For Chinese independent refiners who have been avid buyers of cheap Russian crude in the aftermath of sanctions on Moscow, intermediaries have played a key role as the trade has switched from dollar settlement to China's yuan, industry sources said.

While big state energy importers often enjoy open credits from Russian counterparts when paying in yuan, independents with limited credit lines have been using yuan bank credits or cash for oil purchases, facilitated by the intermediaries who have flourished providing bridge financing.

The firms, such as local government-backed commodities traders Shandong Port International Trade, Zhejiang Materials Industry Group and Xiamen C&D, have brought Russian cargoes into tax-bonded storage and sold on demand to refiners, charging a premium plus interest for financing, traders and refinery sources say.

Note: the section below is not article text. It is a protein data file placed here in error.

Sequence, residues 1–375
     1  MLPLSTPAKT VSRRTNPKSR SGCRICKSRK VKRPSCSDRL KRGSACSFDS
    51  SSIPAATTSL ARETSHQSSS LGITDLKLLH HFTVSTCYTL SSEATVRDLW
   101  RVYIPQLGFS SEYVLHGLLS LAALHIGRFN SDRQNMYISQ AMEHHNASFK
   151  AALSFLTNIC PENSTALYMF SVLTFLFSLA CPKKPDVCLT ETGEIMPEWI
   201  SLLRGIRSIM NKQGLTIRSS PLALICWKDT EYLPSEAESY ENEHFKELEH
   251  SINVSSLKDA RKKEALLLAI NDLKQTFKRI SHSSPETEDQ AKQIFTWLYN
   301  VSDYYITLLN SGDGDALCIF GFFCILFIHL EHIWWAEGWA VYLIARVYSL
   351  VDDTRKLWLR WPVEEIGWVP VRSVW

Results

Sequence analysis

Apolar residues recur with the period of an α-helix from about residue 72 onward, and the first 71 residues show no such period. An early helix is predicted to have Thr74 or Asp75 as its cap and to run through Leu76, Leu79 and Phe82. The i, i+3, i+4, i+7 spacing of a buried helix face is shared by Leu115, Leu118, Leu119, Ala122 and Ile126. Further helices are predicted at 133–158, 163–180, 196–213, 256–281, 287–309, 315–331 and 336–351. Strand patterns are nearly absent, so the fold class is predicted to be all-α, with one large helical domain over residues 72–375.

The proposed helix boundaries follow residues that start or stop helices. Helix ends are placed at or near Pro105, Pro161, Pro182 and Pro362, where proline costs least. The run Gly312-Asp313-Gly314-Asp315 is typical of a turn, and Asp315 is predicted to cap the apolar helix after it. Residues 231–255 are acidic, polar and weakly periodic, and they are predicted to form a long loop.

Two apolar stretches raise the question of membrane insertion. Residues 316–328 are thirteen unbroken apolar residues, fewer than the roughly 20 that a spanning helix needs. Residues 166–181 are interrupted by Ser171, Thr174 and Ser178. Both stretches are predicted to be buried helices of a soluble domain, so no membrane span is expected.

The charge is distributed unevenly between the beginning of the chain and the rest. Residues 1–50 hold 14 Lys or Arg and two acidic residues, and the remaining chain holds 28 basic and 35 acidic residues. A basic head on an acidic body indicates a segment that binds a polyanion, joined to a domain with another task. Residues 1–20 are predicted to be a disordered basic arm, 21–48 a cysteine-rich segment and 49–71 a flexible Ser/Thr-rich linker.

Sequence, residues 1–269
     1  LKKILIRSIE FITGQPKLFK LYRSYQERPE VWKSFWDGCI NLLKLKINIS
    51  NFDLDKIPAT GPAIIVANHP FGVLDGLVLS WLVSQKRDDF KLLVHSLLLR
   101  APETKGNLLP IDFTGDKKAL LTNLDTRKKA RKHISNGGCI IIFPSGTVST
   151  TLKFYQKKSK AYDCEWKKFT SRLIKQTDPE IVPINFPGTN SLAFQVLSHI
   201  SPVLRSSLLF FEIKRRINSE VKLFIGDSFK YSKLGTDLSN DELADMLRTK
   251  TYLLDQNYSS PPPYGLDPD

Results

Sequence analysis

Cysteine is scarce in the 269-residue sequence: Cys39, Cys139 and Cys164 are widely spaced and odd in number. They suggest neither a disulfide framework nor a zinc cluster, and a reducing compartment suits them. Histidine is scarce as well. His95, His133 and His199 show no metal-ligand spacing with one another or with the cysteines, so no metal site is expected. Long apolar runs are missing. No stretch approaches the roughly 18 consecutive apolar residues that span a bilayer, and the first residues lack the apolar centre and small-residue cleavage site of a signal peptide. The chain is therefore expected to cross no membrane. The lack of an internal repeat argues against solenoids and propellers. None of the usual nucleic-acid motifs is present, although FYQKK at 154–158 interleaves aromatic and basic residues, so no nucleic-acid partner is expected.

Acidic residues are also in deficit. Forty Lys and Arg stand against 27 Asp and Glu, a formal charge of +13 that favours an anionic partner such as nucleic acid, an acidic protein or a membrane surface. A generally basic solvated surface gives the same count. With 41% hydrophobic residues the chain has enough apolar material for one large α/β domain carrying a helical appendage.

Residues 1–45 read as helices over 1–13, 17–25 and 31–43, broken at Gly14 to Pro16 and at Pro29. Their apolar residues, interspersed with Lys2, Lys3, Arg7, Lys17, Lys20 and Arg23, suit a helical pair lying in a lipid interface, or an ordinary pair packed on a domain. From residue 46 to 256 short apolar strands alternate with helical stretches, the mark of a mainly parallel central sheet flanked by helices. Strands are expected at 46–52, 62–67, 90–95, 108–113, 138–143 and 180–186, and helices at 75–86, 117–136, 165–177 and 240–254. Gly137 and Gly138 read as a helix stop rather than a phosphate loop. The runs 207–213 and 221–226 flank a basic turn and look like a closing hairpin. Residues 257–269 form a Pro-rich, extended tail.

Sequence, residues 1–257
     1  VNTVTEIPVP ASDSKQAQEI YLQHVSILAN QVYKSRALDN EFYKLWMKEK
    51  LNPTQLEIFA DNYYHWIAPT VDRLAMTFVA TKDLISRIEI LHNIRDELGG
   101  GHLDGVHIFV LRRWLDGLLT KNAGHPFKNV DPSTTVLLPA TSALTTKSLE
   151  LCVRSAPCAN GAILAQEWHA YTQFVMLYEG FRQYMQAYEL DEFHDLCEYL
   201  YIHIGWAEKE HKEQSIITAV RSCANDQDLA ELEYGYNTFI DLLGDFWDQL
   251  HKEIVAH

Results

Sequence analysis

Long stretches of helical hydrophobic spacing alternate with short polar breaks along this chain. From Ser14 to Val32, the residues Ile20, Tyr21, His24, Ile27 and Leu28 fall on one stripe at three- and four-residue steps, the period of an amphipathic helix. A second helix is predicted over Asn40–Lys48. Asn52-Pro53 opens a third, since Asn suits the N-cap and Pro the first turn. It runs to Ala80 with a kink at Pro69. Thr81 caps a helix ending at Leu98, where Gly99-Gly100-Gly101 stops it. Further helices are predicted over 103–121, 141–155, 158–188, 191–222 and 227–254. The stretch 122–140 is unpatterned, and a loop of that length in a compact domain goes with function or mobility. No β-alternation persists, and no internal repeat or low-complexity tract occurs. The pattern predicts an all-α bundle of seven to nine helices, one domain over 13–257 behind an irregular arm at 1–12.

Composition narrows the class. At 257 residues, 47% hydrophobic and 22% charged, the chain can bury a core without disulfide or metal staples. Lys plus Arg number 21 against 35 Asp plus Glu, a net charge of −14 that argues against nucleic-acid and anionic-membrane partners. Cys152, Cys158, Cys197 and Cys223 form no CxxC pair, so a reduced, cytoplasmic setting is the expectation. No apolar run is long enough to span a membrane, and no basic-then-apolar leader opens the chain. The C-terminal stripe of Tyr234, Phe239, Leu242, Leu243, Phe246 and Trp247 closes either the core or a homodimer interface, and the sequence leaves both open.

Xiamen C&D didn't immediately comment. Calls to Shandong Port International Trade went unanswered. Zhejiang Materials didn't respond to requests for comment.

"It's a safer way for us as it becomes more like a domestic yuan-based trade. It also eases our financial burden," said a purchasing manager with an independent refiner, declining to be identified as he was not authorised to speak with media.

The discounts on Russian oil often more than compensate for the additional financial cost, the manager added.

These intermediaries offered similar services when trade was settled in dollars, but they are handling bigger volumes of sales than before, traders and refinery sources said.


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(Reporting by Chen Aizhu; Editing by Shri Navaratnam)